Archive for the ‘Photography Cambridge’ Category

10 Ways to Take Stunning Portraits

Wednesday, August 8th, 2012

1. Alter Your Perspective

Most portraits are taken with the camera at (or around) the eye level of the subject. While this is good common sense – completely changing the angle that you shoot from can give your portrait a real WOW factor.

 

photography cambridge ontarioPhoto by striatic

 

 

 

Get up high and shoot down on your subject or get as close to the ground as you can and shoot up. Either way you’ll be seeing your subject from an angle that is bound to create interest.

 

photography cambridge ontarioPhoto by TeeRish

 

2. Play with Eye Contact

It is amazing how much the direction of your subject’s eyes can impact an image. Most portraits have the subject looking down the lens – something that can create a real sense of connection between a subject and those viewing the image. But there are a couple of other things to try:

A. Looking off camera – have your subject focus their attention on something unseen and outside the field of view of your camera. This can create a feeling of candidness and also create a little intrigue and interest as the viewer of the shot wonders what they are looking at. This intrigue is particularly drawn about when the subject is showing some kind of emotion (ie ‘what’s making them laugh?’ or ‘what is making them look surprised?’). Just be aware that when you have a subject looking out of frame that you can also draw the eye of the viewer of the shot to the edge of the image also – taking them away from the point of interest in your shot – the subject.

 

photography cambridge ontarioPhoto by monicutza80

 

B. Looking within the frame – alternatively you could have your subject looking at something (or someone) within the frame. A child looking at a ball, a woman looking at her new baby, a man looking hungrily at a big plate of pasta…. When you give your subject something to look at that is inside the frame you create a second point of interest and a relationship between it and your primary subject. It also helps create ‘story’ within the image.

 

 

photography cambridge ontarioPhoto by paulbence

 

 

3. Break the Rules of Composition

There are a lot of ‘rules’ out there when it comes to composition and I’ve always had a love hate relationship with them. My theory is that while they are useful to know and employ that they are also useful to know so you can purposely break them – as this can lead to eye catching results.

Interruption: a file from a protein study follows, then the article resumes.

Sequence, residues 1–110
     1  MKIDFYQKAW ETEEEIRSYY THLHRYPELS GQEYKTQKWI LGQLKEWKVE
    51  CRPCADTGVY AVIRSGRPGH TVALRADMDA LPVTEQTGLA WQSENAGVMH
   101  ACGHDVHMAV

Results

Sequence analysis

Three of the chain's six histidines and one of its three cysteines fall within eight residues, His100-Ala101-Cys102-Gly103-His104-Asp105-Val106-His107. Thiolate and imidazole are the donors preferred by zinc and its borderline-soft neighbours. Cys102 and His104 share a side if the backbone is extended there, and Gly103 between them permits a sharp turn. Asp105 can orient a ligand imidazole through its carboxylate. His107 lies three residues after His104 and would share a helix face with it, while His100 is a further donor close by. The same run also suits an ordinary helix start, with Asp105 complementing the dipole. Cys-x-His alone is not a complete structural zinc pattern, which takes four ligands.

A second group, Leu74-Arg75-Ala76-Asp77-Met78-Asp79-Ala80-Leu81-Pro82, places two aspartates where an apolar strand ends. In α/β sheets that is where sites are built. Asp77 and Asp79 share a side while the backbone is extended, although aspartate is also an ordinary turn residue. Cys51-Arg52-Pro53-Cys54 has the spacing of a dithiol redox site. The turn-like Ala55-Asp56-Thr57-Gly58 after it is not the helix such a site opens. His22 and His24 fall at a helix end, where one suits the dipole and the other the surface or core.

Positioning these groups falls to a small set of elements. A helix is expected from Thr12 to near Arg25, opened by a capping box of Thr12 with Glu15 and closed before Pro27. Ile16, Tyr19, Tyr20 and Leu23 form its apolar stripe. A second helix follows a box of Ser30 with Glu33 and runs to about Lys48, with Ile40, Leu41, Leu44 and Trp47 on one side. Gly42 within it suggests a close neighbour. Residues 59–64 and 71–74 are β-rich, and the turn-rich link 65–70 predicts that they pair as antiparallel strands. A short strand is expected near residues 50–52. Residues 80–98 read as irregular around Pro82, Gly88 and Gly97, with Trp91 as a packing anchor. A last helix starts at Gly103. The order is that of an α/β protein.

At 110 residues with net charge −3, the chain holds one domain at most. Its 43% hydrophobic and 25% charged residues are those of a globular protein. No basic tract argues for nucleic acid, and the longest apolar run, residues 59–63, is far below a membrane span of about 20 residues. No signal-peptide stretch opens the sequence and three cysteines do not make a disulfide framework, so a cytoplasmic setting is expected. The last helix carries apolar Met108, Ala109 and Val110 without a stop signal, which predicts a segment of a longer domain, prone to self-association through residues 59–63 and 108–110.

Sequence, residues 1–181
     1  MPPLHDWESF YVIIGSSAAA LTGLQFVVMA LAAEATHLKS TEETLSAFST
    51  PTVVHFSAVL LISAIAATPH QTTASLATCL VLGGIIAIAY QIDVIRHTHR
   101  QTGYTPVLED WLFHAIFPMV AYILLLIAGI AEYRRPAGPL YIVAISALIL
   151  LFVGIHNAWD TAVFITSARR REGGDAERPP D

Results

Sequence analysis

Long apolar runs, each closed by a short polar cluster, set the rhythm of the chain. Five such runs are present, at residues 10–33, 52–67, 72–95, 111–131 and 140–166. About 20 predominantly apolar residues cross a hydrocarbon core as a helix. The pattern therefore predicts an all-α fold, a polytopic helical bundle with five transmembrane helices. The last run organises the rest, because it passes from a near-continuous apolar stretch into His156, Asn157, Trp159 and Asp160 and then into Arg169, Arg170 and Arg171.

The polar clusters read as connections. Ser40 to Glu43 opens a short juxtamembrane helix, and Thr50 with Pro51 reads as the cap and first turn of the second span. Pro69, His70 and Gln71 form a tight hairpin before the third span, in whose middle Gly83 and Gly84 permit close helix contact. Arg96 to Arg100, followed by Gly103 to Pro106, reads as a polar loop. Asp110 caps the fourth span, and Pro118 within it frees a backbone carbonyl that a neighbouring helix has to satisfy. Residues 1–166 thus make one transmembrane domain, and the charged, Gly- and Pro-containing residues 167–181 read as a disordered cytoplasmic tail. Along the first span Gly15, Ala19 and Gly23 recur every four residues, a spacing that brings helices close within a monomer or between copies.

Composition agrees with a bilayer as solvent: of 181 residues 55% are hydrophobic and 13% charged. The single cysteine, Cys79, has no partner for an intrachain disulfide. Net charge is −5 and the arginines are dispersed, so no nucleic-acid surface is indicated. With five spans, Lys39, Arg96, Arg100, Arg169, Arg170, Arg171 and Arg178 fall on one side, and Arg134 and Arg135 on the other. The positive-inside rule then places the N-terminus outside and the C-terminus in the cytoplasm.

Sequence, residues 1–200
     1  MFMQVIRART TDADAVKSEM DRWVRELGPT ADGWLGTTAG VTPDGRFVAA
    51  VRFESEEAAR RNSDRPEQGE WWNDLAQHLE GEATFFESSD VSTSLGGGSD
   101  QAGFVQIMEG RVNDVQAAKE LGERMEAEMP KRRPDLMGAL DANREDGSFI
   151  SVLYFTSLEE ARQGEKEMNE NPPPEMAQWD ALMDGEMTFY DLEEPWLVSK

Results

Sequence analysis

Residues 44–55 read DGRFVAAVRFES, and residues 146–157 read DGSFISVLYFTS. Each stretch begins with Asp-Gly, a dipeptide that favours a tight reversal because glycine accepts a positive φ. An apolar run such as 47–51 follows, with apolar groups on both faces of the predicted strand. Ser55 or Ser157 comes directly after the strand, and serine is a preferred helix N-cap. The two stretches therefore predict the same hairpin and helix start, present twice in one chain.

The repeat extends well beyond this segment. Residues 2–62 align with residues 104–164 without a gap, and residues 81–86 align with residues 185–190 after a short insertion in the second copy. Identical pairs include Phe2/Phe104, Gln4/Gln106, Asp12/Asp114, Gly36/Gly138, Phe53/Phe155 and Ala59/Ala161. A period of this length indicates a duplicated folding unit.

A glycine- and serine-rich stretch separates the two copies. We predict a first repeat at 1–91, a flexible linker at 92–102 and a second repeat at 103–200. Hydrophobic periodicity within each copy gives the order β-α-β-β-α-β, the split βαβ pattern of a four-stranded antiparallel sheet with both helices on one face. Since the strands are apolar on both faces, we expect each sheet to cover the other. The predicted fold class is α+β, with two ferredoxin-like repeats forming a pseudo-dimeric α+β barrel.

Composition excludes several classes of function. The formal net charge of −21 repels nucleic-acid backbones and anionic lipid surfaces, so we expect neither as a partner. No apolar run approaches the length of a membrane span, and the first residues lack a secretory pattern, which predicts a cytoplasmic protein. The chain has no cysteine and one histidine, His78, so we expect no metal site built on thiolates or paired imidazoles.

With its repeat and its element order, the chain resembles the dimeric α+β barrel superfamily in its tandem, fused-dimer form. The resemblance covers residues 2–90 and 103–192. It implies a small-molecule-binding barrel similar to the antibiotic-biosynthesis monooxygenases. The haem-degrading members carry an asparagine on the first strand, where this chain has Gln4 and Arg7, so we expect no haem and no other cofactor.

The Rule of Thirds is one that can be effective to break – placing your subject either dead centre can sometimes create a powerful image – or even creative placement with your subject right on the edge of a shot can sometimes create interesting images.

 

photography cambridge ontarioPhoto by reportergimmiâ„¢

 

Another ‘rule’ that we often talk about in portrait photography is to give your subject room to look into. This can work really well – but again, sometimes rules are made to be broken.

Read more: http://digital-photography-school.com/10-ways-to-take-stunning-portraits#ixzz22zey5Qr4

8 Quick Summer Photography Tips and Ideas

Wednesday, August 8th, 2012

Another late post today; guess it’s just going to be one of those weeks!

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Well spring has arrived here and the weather is warming up, this combined with the summertime images I’ve been viewing taken by a blogging friend in India, has got me thinking summer.

No I’m not a fan of hot weather; in fact I really can’t stand the heat. But I do like the bright skies and longer days. They make for lots of opportunities for bright colorful photos!! So I thought I’d share some summertime tips and ideas with you all today.

If you have more summertime tips and ideas please share them in the comments. :)

1. Color – Use those bright colors of summer to add “heat” to your photos, use those cool tones to bring a much-needed relief; adjust the saturation in your camera or in post. Capture those bright blue skies by shooting with the sun at your back.

2. Details – Capture little details that say “it’s summertime!”. Things like bright blooming flowers, pools filled with cool blue water, sparkling spray of a garden sprinkler, and don’t forget to use that long zoom to get a tasty shot of the bar-be-que! Use the zoom so you don’t smoke up your camera.

3. Avoid Overexposure – Both for yourself and your photos. Put on the sunscreen when you head out to keep from getting a nasty burn and increase the shutter speed to keep from over exposing your images.

4. Capture Your Vacation – Sure take lots of pictures of that family trip but don’t forget to enjoy yourself too. Try limiting yourself to only a small number of shots at each location and be creative with them. Then shut off the camera and have a good time.

cambridge photography ontario

Old Circus Tent

5. Travel Light – Don’t carry every lens you own if you are out in the heat. Limit your day trips to just one or two lenses. Who needs all that extra weight when the temperatures soar!

6. Portraits – Don’t try to take portraits with the subject looking into the sun. No one looks good squinting. Have your subject stand with their back to the sun and meter for their faces to avoid getting silhouettes. It’s summertime, it’s OK to have that bright sunshine halo!

7. Avoid Mid-Day – Try to avoid that noon day sun if you can. It’s so harsh and doesn’t make for the best lighting. Do the bulk of your photography earlier or later in the day. Added bonus, you’re out when it’s a bit cooler!

8. Keep Dry – Not you; your camera. Keep the swimming pool splashes and sea sprays off your camera. Moisture, dust, and sand are all evil villains to your camera. As for yourself; stay hydrated. READ MORE


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